Then they started grappling on the floor as she tried to fend him off.
Everyone dropped to the floor, and then immediately after evacuated.
Property values went through the floor and even the Russians stopped coming.
“Nonsense,” muttered Hawberk, searching on the floor for a fallen rivet.
The border runs right down the middle of this room, too, though there is no green line on the floor.
I crossed the floor, knelt down by him, and tried to wake him.
He picked Jim's hat off the floor and patted it softly as he hung it up.
The ceiling of this strange room was now their floor, but Rawson was not deceived.
He never moved from his one position on the floor; and the hours flew by unheeded.
The floor is of hard matter, and the walls and ceilings of plaster.
Old English flor "floor, pavement, ground, bottom (of a lake, etc.)," from Proto-Germanic *floruz "floor" (cf. Middle Dutch and Dutch vloer, Old Norse flor "floor," Middle High German vluor, German Flur "field, meadow"), from PIE *plaros "flat surface" (cf. Welsh llawr "ground"), enlarged from *pele- (2) "flat, to spread" (see plane (n.1)).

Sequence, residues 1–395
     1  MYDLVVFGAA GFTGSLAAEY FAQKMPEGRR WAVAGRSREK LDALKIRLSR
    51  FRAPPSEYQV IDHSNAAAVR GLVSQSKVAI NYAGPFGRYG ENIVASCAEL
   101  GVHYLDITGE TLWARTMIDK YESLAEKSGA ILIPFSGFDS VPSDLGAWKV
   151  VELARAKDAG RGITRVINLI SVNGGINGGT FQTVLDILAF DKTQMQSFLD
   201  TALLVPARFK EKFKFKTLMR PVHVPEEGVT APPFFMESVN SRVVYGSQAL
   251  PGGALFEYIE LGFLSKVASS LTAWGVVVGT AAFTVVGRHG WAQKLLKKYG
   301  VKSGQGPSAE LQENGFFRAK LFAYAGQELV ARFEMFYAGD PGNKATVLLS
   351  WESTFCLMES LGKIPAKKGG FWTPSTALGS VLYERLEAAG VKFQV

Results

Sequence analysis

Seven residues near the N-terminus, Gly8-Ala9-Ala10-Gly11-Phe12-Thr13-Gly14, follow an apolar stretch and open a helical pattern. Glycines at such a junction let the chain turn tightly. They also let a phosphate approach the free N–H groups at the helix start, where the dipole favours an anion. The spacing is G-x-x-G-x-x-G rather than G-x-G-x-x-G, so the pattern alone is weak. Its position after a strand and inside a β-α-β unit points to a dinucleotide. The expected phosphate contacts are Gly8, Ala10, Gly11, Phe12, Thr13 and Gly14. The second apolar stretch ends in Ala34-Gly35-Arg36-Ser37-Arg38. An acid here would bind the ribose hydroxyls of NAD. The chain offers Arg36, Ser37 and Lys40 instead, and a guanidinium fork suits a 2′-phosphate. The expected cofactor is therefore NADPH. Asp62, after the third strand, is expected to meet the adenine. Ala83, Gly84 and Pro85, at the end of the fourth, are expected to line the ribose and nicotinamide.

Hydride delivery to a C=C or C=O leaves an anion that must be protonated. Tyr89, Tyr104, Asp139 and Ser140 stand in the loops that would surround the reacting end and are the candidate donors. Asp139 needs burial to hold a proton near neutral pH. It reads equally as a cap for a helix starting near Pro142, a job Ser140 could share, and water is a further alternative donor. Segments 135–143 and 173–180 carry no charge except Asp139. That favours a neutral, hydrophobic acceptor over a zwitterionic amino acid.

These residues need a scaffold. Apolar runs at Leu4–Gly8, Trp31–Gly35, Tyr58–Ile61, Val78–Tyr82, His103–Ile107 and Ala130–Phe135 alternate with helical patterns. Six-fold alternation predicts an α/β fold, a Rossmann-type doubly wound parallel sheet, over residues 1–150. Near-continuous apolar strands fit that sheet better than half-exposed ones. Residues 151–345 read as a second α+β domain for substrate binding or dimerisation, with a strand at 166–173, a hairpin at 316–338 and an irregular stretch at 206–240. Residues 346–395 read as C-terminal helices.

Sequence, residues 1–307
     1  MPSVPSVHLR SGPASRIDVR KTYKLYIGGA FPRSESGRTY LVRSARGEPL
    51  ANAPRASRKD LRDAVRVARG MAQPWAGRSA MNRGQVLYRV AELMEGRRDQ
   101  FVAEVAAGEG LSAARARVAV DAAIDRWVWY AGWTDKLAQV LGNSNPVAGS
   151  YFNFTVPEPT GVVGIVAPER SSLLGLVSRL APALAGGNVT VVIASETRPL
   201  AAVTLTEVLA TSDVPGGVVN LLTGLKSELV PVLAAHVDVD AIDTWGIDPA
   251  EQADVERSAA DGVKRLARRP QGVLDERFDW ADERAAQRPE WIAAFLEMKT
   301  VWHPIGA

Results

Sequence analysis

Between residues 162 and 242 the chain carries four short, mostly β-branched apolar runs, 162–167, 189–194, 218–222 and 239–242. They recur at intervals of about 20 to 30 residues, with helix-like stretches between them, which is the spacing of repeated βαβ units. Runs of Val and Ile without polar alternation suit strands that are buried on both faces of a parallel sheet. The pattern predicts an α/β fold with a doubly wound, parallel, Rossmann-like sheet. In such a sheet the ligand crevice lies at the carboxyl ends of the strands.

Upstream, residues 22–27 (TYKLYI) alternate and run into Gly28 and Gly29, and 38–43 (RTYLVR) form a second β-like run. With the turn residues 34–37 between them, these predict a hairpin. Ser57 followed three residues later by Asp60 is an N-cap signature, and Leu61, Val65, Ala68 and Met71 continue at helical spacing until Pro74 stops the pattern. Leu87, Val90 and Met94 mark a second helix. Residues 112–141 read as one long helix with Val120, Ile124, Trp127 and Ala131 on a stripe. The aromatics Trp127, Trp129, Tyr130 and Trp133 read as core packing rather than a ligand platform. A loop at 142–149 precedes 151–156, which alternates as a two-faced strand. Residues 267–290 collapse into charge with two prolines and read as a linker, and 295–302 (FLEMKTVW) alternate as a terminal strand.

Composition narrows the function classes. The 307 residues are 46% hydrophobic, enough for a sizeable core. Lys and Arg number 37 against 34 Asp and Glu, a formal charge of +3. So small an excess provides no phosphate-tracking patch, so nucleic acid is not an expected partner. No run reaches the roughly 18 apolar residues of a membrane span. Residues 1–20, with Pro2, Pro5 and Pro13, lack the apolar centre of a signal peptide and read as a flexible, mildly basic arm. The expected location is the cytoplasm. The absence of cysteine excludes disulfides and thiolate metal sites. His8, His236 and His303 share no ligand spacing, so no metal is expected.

Meaning "level of a house" is from 1580s. The figurative sense in legislative assemblies (as opposed to the platform) is first recorded 1774. Spanish suelo "floor" is from Latin solum "bottom, ground, soil;" German Boden is cognate with English bottom. Floor plan attested from 1867.